While the foreplay between the Cannes Film Festival and Terrence Malick's complex rumination The Tree of Life has been going on for well over a year, it finally climaxed with this morning's 8:30 AM press screening. There was such anticipation for this film that the cavernous 2300-seat Lumiere Theatre at the Palais was completely full a half hour ahead of showtime -- unprecedented. Reactions afterwards seem to be mixed. There was a smattering of loud boos when the picture went to black at the end, but then good (but not spectacular) applause once Malick's name came up onscreen. One columnist immediately emailed a friend, "the film is terrible," while another critic rushed to print calling it "major."

The movie splits its time between the lives of a family in 1950's Texas with cosmic images of how the Universe was created, a couple of dinosaur cameos and bigger metaphysical questions about our existence than anyone can answer in a 2-hour, 18-minute movie, even Terrence Malick. It's not a traditional kind of narrative but rather an experiencemeant to inspire deep thought about our own lives in a greater context. For those special effects sequences detailing the beginnings of time alone the three companies whose logos appear at the top of the film (Fox Searchlight, Summit, River Road) should be doing everything they can to insure this gets booked on to every available IMAX screen. It's a visual stunner, as you might expect from a man whose four previous films were Days Of Heaven, Badlands, The Thin Red Line and The New World.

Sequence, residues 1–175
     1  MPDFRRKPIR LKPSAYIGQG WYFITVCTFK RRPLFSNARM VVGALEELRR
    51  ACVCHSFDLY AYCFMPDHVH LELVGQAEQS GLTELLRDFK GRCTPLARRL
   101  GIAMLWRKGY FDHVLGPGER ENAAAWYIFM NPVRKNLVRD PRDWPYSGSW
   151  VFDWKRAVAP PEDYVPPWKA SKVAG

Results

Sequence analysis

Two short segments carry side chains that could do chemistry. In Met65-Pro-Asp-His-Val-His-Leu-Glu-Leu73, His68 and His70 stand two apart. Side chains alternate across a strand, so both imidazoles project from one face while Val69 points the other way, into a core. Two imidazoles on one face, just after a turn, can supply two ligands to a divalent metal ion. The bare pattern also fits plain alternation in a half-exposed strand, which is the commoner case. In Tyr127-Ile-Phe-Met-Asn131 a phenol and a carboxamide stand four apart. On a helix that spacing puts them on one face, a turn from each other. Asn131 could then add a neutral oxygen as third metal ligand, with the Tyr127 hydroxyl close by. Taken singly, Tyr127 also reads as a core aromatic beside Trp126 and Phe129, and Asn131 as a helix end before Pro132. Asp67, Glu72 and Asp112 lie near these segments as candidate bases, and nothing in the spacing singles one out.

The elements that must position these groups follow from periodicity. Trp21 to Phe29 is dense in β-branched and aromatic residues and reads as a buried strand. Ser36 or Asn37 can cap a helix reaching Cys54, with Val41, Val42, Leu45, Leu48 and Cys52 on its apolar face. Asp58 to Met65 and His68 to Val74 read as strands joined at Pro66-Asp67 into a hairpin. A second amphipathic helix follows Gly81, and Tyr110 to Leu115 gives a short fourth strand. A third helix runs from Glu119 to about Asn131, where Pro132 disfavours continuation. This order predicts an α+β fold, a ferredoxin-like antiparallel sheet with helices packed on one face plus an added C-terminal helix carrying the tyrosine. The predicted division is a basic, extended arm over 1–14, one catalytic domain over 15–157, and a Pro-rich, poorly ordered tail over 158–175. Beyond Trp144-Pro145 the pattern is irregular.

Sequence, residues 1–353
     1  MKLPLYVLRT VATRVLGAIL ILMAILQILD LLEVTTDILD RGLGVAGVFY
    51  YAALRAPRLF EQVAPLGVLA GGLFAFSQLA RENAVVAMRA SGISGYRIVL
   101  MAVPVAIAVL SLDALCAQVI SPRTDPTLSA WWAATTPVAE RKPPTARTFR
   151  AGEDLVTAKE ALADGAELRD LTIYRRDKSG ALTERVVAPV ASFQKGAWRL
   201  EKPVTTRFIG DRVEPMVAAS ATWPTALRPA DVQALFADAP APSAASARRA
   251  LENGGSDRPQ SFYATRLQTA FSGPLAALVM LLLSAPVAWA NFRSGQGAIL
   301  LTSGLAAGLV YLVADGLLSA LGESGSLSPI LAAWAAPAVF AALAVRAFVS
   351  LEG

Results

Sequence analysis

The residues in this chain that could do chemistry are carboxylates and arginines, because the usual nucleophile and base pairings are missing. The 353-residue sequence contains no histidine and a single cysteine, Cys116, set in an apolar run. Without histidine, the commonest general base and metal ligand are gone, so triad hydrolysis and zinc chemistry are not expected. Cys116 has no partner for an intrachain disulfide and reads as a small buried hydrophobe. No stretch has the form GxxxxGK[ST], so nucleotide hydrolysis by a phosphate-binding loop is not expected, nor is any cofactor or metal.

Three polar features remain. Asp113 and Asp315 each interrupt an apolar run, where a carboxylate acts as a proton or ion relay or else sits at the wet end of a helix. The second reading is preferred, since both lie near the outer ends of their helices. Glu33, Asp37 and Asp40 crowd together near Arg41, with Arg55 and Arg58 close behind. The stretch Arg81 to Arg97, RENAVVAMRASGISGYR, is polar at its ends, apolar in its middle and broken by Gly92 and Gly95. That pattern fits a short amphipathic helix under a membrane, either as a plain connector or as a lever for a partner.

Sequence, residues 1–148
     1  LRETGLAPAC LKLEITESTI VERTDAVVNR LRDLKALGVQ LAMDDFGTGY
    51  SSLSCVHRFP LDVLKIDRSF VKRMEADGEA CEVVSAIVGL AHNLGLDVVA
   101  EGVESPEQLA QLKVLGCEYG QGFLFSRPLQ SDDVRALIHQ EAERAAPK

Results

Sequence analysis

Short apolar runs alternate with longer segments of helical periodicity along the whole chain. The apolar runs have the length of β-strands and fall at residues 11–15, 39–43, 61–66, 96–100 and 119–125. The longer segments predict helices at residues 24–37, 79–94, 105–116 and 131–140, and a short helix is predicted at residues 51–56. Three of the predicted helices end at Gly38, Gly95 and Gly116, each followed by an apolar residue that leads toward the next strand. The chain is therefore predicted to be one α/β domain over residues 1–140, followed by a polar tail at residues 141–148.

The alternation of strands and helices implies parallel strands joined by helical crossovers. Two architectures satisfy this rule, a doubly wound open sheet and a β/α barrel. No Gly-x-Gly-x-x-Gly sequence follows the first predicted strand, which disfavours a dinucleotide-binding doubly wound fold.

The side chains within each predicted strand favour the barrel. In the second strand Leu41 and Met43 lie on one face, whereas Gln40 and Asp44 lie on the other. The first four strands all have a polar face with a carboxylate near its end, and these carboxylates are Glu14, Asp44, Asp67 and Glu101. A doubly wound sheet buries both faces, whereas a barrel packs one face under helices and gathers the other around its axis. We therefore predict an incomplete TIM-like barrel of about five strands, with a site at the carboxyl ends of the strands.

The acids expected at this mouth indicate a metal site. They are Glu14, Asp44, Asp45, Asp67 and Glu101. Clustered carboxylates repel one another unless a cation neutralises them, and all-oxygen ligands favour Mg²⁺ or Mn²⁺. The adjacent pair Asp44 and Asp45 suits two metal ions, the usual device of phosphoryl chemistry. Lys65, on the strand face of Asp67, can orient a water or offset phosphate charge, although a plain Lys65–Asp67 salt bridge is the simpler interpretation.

Four-time Oscar nominated cinematographer Emmanuel Lubezki was behind the camera and did a sterling job juxtaposing between small-town Texas and the evolution of the world, no easy task. Certainly what's on display in this much-delayed work is vintage Malick, the kind of auteur Cannes loves (he won Best Director here for Days Of Heaven in 1978), but it can't help but divide audiences the way many great art films do. It can be compared in ways to Stanley Kubrick's 1968 masterpiece 2001: A Space Odyssey, which also split audiences at the time but now is regarded a true classic (not surprisingly, 2001 special effects wizard Douglas Trumball consulted here too).